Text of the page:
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Any recent stories of dynamic currency conversion?

Any recent stories of dynamic currency conversion?

Old Jun 5th, 2006, 04:15 PM
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We traveled throughout mainland Greece from 4-30-06 to 5-13-06 and did not encounter DCC anywhere except at the Avis counter at the Athens airport. We were assured we were being charged in Euros as well but the charge came through as dollars. Avis claims that we agreed to DCC somewhere in the contract although I read it carefully and did not see any such thing. I'm still waiting to see how the problem will be resolved. My husband and I are long-time Avis customers and have a Preferred Membership.
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Old Jun 5th, 2006, 06:54 PM
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Could someone explain this DCC thing? We'll be vacationing in Ireland in August. I'll be using my credit card, and also using cash. What exactly do I need to keep an eye out for? Also, should I convert our U.S money to euros before we leave the states or will they take U.S cash? I do have a pin number for an ATM machine (but I'm embarrased to say I've never used an ATM).
Thanks so much
Carrie
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Old Jun 5th, 2006, 07:25 PM
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If the sales slip shows the amount charged in U.S. dollars, ask them to change it to local currency.

If they refuse (or tell you they can't, bla bla bla), sign the slip and write this above your signature:

LOCAL CURRENCY NOT OFFERED

When the charge comes through, dispute it. You will win, because when the merchant produces the signature instrument, it will have your notation on it. Visa and Master Card operating rules expressly require that the cardholder be offered a choice of currencies. Your account will be credited with the difference between the merchant's exorbitant exchange markup and the more reasonable percentage charged by the card network.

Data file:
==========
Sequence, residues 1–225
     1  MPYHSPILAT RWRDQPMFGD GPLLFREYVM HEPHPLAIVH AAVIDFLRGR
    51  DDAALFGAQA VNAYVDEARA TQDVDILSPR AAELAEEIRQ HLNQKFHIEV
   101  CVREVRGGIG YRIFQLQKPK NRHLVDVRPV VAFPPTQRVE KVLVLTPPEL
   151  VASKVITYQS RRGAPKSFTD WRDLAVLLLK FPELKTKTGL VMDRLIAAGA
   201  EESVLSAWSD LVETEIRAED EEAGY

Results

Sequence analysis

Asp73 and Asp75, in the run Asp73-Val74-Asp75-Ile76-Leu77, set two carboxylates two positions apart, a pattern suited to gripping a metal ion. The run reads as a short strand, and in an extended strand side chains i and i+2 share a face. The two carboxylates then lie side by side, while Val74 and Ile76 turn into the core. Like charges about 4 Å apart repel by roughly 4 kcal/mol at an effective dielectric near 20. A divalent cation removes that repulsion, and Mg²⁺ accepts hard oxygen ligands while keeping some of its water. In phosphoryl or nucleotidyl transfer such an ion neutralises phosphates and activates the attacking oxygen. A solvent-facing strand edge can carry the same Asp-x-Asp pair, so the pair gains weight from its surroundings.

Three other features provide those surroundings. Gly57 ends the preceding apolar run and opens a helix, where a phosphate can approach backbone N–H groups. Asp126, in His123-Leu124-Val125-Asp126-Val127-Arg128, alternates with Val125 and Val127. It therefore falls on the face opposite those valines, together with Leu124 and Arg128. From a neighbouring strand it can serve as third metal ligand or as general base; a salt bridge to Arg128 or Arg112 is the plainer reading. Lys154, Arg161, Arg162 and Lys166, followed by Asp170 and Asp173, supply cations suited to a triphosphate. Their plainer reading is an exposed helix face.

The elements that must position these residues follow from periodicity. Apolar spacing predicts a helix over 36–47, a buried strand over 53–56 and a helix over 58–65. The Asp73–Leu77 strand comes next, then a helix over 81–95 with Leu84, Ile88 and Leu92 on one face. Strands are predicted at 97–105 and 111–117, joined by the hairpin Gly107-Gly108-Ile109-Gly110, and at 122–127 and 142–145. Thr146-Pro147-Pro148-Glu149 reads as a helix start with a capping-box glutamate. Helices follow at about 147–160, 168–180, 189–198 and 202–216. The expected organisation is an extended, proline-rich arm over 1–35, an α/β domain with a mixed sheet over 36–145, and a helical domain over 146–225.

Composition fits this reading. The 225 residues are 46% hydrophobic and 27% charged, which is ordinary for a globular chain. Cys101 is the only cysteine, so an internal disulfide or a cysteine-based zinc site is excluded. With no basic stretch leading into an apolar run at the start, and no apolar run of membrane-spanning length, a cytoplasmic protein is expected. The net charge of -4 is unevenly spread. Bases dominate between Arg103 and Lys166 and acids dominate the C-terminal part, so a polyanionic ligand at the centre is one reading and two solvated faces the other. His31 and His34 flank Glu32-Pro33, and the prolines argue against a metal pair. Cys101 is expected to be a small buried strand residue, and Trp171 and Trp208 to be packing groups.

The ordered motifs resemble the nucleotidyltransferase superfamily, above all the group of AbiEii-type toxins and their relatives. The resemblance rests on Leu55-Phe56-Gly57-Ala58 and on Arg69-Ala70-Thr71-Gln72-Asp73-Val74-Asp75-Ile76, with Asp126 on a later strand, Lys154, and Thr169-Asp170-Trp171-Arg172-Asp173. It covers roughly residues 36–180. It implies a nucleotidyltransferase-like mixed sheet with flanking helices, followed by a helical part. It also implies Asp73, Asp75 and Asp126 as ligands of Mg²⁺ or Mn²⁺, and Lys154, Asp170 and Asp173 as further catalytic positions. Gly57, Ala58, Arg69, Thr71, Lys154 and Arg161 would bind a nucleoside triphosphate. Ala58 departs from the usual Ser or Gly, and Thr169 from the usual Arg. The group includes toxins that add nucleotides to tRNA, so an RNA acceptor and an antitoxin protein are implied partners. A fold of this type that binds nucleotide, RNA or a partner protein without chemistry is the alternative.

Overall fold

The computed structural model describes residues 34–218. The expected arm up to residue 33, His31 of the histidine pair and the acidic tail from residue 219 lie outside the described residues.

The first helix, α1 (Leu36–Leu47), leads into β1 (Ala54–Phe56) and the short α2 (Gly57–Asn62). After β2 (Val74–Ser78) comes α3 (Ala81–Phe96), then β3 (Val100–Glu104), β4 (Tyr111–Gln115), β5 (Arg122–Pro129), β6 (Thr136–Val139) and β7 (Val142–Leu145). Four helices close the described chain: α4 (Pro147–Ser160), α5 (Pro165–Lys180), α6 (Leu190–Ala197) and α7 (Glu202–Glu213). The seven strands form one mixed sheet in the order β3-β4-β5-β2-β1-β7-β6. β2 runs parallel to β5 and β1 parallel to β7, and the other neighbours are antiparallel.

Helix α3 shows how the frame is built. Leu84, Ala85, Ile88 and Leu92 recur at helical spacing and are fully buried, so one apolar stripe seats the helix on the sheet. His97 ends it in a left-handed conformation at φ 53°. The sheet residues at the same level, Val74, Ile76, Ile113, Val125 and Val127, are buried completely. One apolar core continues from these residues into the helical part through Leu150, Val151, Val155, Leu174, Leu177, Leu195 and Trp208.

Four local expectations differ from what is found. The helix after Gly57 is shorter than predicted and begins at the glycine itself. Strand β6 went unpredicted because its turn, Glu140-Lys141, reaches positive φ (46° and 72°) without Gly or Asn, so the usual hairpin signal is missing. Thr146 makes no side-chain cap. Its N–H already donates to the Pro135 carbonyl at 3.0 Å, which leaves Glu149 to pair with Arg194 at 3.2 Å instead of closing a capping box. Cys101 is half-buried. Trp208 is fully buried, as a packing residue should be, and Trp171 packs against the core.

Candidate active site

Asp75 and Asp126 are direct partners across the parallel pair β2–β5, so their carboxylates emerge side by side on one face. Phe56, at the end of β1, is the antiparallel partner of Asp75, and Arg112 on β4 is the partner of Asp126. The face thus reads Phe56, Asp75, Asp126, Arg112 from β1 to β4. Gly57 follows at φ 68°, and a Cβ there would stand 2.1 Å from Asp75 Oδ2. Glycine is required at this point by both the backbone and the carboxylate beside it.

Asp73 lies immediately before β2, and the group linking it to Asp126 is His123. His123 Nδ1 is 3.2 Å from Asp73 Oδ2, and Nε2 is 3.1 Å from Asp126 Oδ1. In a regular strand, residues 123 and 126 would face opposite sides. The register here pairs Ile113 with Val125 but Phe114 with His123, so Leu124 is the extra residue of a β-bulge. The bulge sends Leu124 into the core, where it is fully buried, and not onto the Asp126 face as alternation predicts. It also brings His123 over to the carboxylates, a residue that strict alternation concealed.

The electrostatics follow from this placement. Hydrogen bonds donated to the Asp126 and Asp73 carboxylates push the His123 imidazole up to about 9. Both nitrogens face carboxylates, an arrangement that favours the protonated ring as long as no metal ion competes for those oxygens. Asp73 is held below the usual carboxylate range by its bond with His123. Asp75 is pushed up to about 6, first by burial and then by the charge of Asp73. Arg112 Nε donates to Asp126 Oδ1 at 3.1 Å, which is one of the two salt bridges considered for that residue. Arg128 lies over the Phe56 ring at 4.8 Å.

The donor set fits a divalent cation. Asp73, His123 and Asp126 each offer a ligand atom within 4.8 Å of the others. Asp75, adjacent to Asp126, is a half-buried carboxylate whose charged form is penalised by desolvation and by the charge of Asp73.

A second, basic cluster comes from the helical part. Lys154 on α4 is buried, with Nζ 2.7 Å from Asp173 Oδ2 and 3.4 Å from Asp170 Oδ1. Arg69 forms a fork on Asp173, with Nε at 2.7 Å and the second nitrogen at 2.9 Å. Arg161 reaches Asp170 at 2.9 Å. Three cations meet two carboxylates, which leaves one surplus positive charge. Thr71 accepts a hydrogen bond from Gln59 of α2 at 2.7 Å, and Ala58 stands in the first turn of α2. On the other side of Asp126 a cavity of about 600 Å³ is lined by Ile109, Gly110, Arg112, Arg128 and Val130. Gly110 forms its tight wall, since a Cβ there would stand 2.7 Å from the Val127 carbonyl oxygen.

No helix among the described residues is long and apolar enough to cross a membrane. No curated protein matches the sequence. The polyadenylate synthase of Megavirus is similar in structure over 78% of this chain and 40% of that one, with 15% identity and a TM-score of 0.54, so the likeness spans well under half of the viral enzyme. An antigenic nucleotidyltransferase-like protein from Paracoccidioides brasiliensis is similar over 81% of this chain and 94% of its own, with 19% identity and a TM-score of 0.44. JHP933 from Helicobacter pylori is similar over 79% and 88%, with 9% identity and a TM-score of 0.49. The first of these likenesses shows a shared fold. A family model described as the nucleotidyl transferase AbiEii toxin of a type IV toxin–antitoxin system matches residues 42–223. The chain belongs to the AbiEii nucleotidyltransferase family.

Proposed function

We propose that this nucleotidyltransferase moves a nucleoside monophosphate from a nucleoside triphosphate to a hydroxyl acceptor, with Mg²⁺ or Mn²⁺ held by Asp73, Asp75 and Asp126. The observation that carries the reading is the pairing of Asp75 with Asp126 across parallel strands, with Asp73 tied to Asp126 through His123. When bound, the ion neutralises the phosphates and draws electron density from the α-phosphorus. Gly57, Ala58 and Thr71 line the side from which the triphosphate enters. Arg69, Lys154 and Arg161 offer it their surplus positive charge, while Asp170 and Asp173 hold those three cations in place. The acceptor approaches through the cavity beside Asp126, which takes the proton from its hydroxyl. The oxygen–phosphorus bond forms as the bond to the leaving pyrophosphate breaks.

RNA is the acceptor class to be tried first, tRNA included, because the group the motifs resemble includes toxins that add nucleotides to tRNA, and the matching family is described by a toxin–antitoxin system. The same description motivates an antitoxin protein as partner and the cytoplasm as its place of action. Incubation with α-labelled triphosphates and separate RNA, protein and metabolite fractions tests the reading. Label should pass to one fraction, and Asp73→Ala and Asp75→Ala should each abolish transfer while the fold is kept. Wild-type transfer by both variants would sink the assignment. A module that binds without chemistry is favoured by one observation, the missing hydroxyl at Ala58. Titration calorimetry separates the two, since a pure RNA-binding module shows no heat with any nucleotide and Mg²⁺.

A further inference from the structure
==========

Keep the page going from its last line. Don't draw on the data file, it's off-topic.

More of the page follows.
Get cash from ATMs at your destination to spend on incidentals. Use credit cards for larger purchases.
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Old Jun 5th, 2006, 07:55 PM
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Great information. Thank you!
Carrie
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Old Jun 21st, 2006, 05:19 PM
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My husband and I just got back from 12 days in Ireland last week. I didn't run into a problem, because I every time handed them the card I accompanied it with "please ring this in Euro". In the West, they didn't know what I was talking about. In the South and near Dublin, they pushed the non-DCC button. An American woman in front of me at a shop in Dublin was asked which currency she wanted, and she didn't know why the cashier was asking. While not everyone knows about DCC, I think that awareness is growing.
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Old Jun 21st, 2006, 05:28 PM
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This is the first I have heard about this. Has anyone encountered this in Germany? Thanks for the information.